Still, it left me cold. A bit too clever. Good writing, even great writing just isn’t enough for me right now, and careful observations of the mundanities of life just aren’t going to cut it.  Still if language is your thing, this book may be much more up your alley.

Recommended for the enthusiast.

Palmer’s Too Like the Lightning

Too Like The Lightning

Ada Palmer

Too Like the Lightning is a strange book. At times, it is a difficult book. It is also a very, very good book. A work of science fiction, for sure (we’ve got flying cars, people) it’s also much more than that. It’s an attempt to transport enlightenment ideas about social organization, personal freedom, and democracy into a future of flying cars, hyper surveillance, and profound changes in to the ideas of gender, religion, and work.

Oh yeah, and it’s written in a style that is part Voltaire, and part Isaac Asimov.

Like I said, it’s weird. I loved it.

The plot of a book like this is almost beside the point, but suffice it to say, there’s a mysterious break in at one of the world’s most important locations, a hidden child with supernatural powers, and a narrator who is much more than he seems at first. But really, who cares about the plot? I didn’t I cared about the careful construction of the political ideas of the various governments, the fascinating life stories of the novels main characters and the very thoughtful explorations of how the future would handle issues like gender (they is pervasive, yet people still assign genders internally) and religion (you can have it, but don’t talk about it).

Palmer has clearly spent enormous amounts of time building the backstories of her characters and her world, much is left unsaid here, forcing the reader to piece it together. But you can tell that what is left out is intentional, a prompt for the reader to make the connections, it certainly isn’t because it hasn’t been thought through. It has, trust me, she’s just not showing all her cards (yet).

This is a novel, yes, and fairly successful one from a plot perspective. But more interestingly, it’s an elaborate thought experiment using Palmer’s expertise in philosophy and the renaissance (she teaches history at Chicago) to imagine a future world that is both utopia and nightmare. The first in a planned series, I can’t wait for the rest.


Review: Saawadi’s Woman At Point Zero

Woman at Point Zero

Nawal El Saawadi

A novel based on Saadawi’s interviews with a n imprisoned psychiatric patient, Women at Point Zero is important, deeply moving and horrific. I’m not going to lie to you, this one isn’t easy to get through. Saadawi’s protagonist life is an unending series of horrors committed against either by, or ostensibly for, men. She endures female genital mutilation, physical and emotional abuse, rape, and more. Through it all, society provides her with no support, and no way out. It’s a bleak, damning, indictment of the way Egyptian society treats women.*

I read this book in 2002 and I remember how hard it was to get through. It’s a short work, but it is so brutal in its descriptions of the traumas and injustices that the narrator has faced that I often found it too much to bear. Still, not all books are there to pass the time, or educate, some are there to make us feel the things we don’t want to feel and face the things we don’t want to face. This is one of those books.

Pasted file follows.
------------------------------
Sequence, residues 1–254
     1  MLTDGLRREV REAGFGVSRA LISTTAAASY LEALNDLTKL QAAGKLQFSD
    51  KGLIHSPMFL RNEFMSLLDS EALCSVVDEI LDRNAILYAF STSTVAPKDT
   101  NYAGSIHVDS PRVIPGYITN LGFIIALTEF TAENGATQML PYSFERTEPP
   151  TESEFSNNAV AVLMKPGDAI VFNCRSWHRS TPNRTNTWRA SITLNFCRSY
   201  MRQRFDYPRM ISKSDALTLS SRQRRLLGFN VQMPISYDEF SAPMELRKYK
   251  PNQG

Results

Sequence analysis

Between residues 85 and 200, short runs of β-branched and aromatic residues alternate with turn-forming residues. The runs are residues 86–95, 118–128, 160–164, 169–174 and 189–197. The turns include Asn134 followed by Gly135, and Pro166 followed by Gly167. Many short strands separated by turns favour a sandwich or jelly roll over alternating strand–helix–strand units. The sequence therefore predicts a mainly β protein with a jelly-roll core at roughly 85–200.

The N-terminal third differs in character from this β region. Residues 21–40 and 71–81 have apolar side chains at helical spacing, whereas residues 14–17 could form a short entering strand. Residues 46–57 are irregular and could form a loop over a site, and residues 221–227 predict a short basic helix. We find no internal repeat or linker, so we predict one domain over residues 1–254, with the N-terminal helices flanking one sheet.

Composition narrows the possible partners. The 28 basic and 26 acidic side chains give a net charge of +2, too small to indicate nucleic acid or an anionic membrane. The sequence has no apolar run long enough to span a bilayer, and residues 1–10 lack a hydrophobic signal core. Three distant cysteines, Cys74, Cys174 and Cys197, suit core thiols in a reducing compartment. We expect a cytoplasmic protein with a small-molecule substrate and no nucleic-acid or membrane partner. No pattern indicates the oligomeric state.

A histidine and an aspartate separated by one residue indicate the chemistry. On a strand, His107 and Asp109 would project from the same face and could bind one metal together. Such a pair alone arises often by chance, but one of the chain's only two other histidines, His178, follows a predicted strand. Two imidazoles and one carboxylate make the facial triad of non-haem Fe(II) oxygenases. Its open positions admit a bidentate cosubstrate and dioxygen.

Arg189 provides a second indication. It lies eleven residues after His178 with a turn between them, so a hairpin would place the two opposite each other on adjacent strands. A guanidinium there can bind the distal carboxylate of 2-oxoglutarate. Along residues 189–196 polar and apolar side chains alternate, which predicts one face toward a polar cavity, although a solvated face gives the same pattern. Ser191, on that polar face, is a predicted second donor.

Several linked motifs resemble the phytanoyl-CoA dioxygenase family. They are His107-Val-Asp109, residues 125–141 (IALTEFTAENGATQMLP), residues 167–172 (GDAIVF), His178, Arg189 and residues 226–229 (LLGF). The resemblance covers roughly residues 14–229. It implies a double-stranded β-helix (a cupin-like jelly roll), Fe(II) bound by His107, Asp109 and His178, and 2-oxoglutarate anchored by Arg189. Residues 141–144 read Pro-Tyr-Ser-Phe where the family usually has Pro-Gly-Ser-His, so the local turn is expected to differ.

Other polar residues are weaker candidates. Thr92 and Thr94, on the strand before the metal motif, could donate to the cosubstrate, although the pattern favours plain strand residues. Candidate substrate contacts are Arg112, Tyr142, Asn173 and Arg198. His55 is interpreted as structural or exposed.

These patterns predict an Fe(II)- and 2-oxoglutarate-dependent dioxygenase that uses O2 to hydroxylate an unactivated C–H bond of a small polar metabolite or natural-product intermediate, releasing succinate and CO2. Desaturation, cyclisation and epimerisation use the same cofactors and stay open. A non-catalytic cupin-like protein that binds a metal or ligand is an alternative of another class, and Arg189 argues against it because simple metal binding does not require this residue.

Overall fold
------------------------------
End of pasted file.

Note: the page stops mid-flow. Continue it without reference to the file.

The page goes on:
Nawal El Saawadi

*Or treated, the book was published in the 1970s, some may say things have changed; others will disagree.

Review: Older’s Infomocracy


Malka Older

A science fiction political thriller novel about elections. Meaning, a book written precisely for me.

In the future, elections are done on a hyper-local level with major parties looking to piece together large numbers of small districts to achieve global parties. The system is run by a disinterested google-like corporation (Information) determined to keep the elections fair, and the information about the parties accurate. It’s a flawed system, but an interesting one. It all begins to go to shit when someone (radical activist? A rouge political party?) begin screwing with the tech behind the system.  An unlikely duo of Information super-agent and idealist political consultant (hey, its fiction!) set out to solve the riddle of who is trying to bring down this ingenious (if flawed) political system. Along the way the encounter idealistic revolutionaries, brilliant technocrats, smarmy politicians, and evil proto-fascists. Oh yeah, and they fall in love.

The book is full of conversations on the nature of democracy, interesting thought experiments on what micro democracy can look like, clever refractions of the way we consume information, and interesting ideas for making the democratic process more transparent. Unfortunately, it’s also filled with some awkward coupling and some less than captivating action scenes.

Still, a very enjoyable read and one that resonates in this year of full on political craziness. When I was reading the book, I’d often check twitter and think, a logical extension of this shit show is Infomocracy.

Well worth your time if politics and/or SF are you game.



Review: Offill’s Dept of Speculation

Dept. of Speculation
Jennifer Offill

Beautifully written little gem of a book about marriage, kids, and betrayal. This is basically a book about a privileged Brooklyn intellectuals and their domestic problems. i.e. it is about me and my friends. Generally, I avoid this kind of stuff. As a rule, Brooklyn writers writing about Brooklyn writers gives me the bores, but this one came so well recommended, I had to check it out. Very glad I did. Offill is a wonderful writer and her tale of love or betrayal feels so real, and raw, I had to double check to make this wasn’t a memoir. Good stuff.


Recommended for the enthusiast.